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IGU Partners with World Cinema Series on “Salt of the Earth”: First in New Series of Films to Address Theme of Global Human-Environment Interaction

Co-authored by Emilia Intili and Courtney Gosse.

The Institute for Global Understanding (IGU) co-hosted the first film in the 2020-2021 World Cinema Series on Sept. 24 at 7:30 p.m. With more than 40 people in attendance, the turnout was a great success. This event was moderated by Dr. Thomas S. Pearson, Professor in the Department of History and Anthropology. The faculty discussants for this film were Mark Ludak, Specialist Professor of Photography in the Department of Art and Design and Randall S. Abate, Rechnitz Family and Urban Coast Institute Endowed Chair in Marine and Environmental Law and Policy, Professor in the Department of Political Science and Sociology, and Director of the Institute for Global Understanding. The theme of this year’s World Cinema Series is “A Delicate Balance: Global Communities and the Natural World,” which features films that examine the interdependence of human communities and the natural world.

The film chronicled the work of Sebastiao Salgado, widely regarded as one of the most influential documentarians in the history of photography. He is known for the way he utilizes symbolism, archetype, and myth to portray the human condition. This ambitious film encompassed Salgado’s life events, cultural experiences and encounters, and several of his projects in remote destinations around the globe. As an artist, Salgado emphasizes social advocacy to communicate to a larger audience about the importance of solidarity and community resulting in the improvement of humanity. Prof. Ludak thoroughly and sensitively commented on many aspects of Salgado’s remarkable life and work.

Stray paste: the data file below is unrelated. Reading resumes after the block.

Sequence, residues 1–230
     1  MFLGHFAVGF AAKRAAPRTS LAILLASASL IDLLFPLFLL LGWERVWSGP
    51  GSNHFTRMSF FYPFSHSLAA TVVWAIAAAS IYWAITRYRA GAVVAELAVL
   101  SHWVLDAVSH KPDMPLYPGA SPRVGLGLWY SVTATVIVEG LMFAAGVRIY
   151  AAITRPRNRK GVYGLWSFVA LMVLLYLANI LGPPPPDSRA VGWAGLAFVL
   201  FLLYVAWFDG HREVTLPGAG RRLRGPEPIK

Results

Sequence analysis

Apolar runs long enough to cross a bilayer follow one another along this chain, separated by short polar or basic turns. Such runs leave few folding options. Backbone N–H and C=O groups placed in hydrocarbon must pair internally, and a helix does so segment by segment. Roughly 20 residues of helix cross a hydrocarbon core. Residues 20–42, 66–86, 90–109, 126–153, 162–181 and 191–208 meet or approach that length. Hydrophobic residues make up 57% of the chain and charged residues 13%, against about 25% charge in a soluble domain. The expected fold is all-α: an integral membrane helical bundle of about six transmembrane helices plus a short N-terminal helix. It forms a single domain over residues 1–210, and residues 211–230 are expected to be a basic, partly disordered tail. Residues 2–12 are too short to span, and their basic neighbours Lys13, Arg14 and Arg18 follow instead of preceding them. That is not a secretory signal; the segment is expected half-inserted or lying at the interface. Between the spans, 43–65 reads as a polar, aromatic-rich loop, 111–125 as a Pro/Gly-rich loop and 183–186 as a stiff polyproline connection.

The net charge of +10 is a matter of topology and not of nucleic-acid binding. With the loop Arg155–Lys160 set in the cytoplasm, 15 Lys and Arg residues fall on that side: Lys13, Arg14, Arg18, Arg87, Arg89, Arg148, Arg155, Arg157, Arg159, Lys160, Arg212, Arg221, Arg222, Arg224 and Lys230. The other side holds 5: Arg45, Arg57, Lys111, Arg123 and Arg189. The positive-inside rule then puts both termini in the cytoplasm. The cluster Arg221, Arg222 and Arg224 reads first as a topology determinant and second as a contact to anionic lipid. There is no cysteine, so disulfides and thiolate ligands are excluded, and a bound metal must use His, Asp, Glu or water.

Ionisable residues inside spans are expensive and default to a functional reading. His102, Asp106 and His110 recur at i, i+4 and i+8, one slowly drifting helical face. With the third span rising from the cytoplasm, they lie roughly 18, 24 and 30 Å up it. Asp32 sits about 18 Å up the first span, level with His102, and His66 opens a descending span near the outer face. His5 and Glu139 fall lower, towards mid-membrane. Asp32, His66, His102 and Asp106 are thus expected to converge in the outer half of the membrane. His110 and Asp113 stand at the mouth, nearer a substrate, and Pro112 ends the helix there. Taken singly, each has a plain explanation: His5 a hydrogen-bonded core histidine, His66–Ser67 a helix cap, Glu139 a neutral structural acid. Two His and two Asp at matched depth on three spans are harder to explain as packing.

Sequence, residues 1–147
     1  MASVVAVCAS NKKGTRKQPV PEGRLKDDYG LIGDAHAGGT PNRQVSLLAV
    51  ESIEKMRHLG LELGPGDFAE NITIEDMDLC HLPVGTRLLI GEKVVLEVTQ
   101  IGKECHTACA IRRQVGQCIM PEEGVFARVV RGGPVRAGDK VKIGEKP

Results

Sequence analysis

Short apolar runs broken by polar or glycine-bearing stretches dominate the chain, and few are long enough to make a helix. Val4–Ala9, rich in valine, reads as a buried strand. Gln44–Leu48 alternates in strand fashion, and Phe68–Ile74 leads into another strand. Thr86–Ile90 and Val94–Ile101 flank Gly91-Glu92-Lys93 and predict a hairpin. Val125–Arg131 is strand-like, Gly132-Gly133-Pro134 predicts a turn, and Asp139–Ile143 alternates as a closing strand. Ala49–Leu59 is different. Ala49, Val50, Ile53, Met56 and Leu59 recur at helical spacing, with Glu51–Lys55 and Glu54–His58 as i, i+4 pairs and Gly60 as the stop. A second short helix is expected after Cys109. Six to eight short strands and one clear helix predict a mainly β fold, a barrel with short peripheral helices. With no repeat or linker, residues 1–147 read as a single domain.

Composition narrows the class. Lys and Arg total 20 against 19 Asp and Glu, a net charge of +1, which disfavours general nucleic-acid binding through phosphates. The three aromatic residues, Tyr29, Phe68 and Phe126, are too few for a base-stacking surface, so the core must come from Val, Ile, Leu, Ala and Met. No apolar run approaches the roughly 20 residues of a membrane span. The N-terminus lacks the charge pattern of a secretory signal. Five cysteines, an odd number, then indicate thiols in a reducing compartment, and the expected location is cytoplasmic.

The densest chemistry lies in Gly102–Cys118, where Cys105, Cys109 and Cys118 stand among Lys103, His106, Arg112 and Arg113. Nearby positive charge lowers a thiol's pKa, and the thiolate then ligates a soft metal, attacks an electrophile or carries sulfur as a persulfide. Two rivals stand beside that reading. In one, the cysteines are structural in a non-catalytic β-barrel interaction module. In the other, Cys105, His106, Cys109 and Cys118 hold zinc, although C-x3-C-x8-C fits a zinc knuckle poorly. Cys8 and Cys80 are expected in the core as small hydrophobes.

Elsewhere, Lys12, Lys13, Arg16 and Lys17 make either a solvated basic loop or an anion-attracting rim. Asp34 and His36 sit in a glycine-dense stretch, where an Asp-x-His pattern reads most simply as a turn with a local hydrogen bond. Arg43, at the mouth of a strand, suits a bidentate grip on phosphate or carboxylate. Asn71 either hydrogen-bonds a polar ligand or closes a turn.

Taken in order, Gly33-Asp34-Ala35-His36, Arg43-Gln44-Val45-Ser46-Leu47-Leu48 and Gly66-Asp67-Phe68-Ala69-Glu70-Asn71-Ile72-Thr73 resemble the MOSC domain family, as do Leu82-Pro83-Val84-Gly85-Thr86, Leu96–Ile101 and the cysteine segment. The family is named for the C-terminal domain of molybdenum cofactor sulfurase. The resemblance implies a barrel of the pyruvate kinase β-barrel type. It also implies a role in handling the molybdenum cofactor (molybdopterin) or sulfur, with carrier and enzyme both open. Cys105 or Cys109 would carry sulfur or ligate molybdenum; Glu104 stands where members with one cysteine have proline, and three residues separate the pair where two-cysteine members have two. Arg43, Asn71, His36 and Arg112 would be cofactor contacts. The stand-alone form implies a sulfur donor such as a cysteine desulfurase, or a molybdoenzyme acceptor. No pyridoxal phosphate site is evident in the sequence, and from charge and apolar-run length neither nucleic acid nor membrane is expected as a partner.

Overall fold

Another focus of this zoom discussion was based on the documentary’s clarity of the intersection between humanity and the environment. The film portrays the lifestyles of indigenous people and their remarkable capacity to live in harmony amongst their natural habitats. This fundamentally sustainable lifestyle is an important lesson for the rest of humanity in how we can continue to survive and reduce the effects of climate change. In the environmental aspect, this film conveyed the power of environmental restoration as it depicts Salgado and his wife restoring his own family farm in Brazil by planting over 2.5 million trees. This is also beneficial on a humanitarian level in such, by restoring the natural world, we in turn restore our own souls as human beings in the process, which reinforces the message that our natural world is more resilient when humankind works with it.